This week, the return of YYN: from a deranged mascot to the top of the FBI [more inside]
How a shy, queer Canadian woman accidentally invented one of the internet's most toxic male communities.
This week, Phia wonders what kind of person falls for phishing attacks. Is it only insanely gullible luddites, or can smart, tech savvy people get phished, too? To find out, she conducts an experiment on her poor, unsuspecting coworkers.
This week, we debut a new segment designed to help you calibrate your anger in a changing world. Plus, how to cloak yourself from all the people who are now allowed to see your internet browsing history.
I got an email from PJ and Alex of Reply All yesterday: "Hello! We have some exciting news, but we need to be a little secretive... Your favorite podcast co-hosts — PJ & Alex of Reply All (duh!) — have a new show. It's called Secret Chatroom. It's live, it's interactive, and it's monthly. It's an hour long, and it's for Gimlet Members only. That's really all we can say. Trust us, though, you won't want to miss it." [more inside]
This week we learn the truth behind Carl Diggler, the internet's most successful election forecaster. And a special Yes Yes No featuring comedian/actor/podcaster Jason Mantzoukas.
The rats are not what they seem. [more inside]
This week, a story about a big group of people with the same questions. Difficult, complicated, heartbreaking ones. These people all have one thing in common — they’re Mormons. [more inside]
Every night, Catherine Russell puts on a wig, picks up a gun, and defies the logic of Yelp. [more inside]
Amy and Ryan Green's one-year-old son is diagnosed with cancer and begins an agonizing period of treatment. And then, one night in the hospital, Ryan has a strange epiphany: this whole terrible ordeal should be a video game. [more inside]
Yik Yak is an app that allows users to communicate anonymously with anyone within a 10-mile radius. Last year, Reply All did a story about how it brought out a particularly vicious strain of racism at Colgate University. In the second half, Reply All goes beyond Colgate and talks to Jamil Smith to try to understand Colgate in the context of recent campus protests.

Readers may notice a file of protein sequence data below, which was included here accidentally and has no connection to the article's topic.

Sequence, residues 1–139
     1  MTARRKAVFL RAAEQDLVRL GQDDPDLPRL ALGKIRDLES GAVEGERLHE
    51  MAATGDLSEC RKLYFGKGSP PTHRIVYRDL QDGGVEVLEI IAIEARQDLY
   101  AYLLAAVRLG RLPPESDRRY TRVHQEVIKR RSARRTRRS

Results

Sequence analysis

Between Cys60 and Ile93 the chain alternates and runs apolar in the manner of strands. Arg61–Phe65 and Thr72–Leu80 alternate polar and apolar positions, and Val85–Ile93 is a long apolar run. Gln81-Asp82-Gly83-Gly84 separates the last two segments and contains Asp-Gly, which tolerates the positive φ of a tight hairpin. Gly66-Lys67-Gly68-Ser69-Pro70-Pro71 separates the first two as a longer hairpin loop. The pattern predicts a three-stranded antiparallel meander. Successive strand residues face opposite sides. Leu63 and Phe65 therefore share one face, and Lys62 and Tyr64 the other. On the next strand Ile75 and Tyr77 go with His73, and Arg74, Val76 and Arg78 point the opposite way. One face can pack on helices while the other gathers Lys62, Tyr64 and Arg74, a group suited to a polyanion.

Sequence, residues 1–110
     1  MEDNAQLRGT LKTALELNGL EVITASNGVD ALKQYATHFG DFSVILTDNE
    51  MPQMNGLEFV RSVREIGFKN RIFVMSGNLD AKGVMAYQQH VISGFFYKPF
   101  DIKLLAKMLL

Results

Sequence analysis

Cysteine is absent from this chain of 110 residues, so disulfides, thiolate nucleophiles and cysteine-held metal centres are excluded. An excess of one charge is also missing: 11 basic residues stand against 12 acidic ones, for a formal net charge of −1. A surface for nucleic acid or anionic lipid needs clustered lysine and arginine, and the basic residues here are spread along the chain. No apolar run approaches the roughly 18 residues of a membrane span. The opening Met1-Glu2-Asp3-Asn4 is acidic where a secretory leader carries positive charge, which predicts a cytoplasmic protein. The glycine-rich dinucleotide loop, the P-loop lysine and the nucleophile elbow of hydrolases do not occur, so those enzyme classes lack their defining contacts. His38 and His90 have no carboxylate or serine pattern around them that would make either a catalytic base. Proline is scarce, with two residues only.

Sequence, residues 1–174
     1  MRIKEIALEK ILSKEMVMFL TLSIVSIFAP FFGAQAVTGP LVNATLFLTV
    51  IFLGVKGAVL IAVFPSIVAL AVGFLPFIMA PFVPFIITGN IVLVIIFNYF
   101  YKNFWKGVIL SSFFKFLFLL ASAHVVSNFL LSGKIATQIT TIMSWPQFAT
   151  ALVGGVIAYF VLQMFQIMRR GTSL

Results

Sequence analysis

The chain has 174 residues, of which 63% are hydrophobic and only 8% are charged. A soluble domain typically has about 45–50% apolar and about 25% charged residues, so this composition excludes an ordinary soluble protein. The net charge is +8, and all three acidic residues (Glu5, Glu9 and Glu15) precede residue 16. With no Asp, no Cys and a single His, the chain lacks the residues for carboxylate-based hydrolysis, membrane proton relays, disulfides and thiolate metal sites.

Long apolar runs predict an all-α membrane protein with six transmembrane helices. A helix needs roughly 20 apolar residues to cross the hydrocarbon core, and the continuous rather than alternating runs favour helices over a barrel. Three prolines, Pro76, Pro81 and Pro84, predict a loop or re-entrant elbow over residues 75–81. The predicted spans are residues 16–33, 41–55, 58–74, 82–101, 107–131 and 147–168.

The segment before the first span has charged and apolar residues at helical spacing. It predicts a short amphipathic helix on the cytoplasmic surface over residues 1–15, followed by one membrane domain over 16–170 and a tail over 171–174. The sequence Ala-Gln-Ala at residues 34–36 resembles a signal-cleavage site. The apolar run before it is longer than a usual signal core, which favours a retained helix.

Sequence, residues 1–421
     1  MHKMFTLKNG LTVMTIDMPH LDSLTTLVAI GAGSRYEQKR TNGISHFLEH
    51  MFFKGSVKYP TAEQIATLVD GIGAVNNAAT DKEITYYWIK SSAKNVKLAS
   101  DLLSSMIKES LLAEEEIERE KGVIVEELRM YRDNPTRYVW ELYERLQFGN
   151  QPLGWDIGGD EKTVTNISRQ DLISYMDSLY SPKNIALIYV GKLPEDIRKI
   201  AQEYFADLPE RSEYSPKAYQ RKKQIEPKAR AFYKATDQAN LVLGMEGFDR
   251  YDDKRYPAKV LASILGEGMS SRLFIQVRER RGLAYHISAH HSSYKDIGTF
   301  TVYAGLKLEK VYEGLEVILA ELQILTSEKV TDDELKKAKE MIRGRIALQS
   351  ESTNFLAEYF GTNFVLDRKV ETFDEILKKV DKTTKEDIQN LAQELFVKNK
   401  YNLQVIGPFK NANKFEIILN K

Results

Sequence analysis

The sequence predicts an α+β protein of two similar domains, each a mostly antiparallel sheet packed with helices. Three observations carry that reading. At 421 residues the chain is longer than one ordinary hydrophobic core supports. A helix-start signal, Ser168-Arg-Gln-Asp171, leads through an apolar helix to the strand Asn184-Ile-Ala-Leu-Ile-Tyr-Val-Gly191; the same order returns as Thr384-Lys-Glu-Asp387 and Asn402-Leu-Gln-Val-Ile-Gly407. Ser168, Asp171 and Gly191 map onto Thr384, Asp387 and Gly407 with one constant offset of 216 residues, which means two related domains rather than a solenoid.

This week, Jade Davis loses her dog on the internet, and Alex and PJ go looking for it.
Hope is a photographer. One day her body begins to betray her. It starts with her eyes.
Jamie Keiles is a writer who decided to photograph something that's practically invisible. Her story plus a new Yes Yes No. [more inside]
Ripoff Report is one of the original complaint websites. It's basically the work of one person, a man whom the internet describes as a kind of mythical villain, a Keyser Söze who wields power from behind his janky website. Reply All producer Sruthi Pinnamaneni visits his bunker. [more inside]
Reply All hands the airwaves over to Hrishikesh Hirway of the Song Exploder podcast and we are treated to a double feature: First the origin's of the Reply All theme by the mysterious Breakmaster Cylinder, and then Phil Elverum of the Microphones on his song "I Want Wind to Blow"
Alex and PJ do a Yes Yes No with Alix Spiegel and Lulu Miller of NPR's Invisibilia, and discuss the one message you've sent across the internet you wish you could take back.
This week, producer Stephanie Foo talks about her own and other asian women's experience with online dating. [more inside]
When Higinio Ochoa got out of prison for hacking in September of 2014, one of the terms of his parole was that he is not allowed to use any internet connected device. We went to his home in Austin to find out how he got caught and what it's like - in 2015 - to go from living online to not having any internet access.
Alex Blumberg is a former producer for This American Life and Planet Money. Last year he founded Gimlet Media, a podcast network, and hosts its first show, StartUp. “When someone starts talking about something difficult, when they get unexpectedly emotional, your normal human reaction is to sort of comfort and steer away. To say, ‘Oh I’m sorry, let’s move on.’ What you need to do, if you want good tape, is to say, ‘Talk more about how you’re feeling right now.’ It feels like a horrible question to ask. It feels like you're going against your every instinct as a decent human being to go toward the pain that this person is experiencing.” Thanks to TinyLetter, Lynda and Alarm Grid for sponsoring this week's episode. [more inside]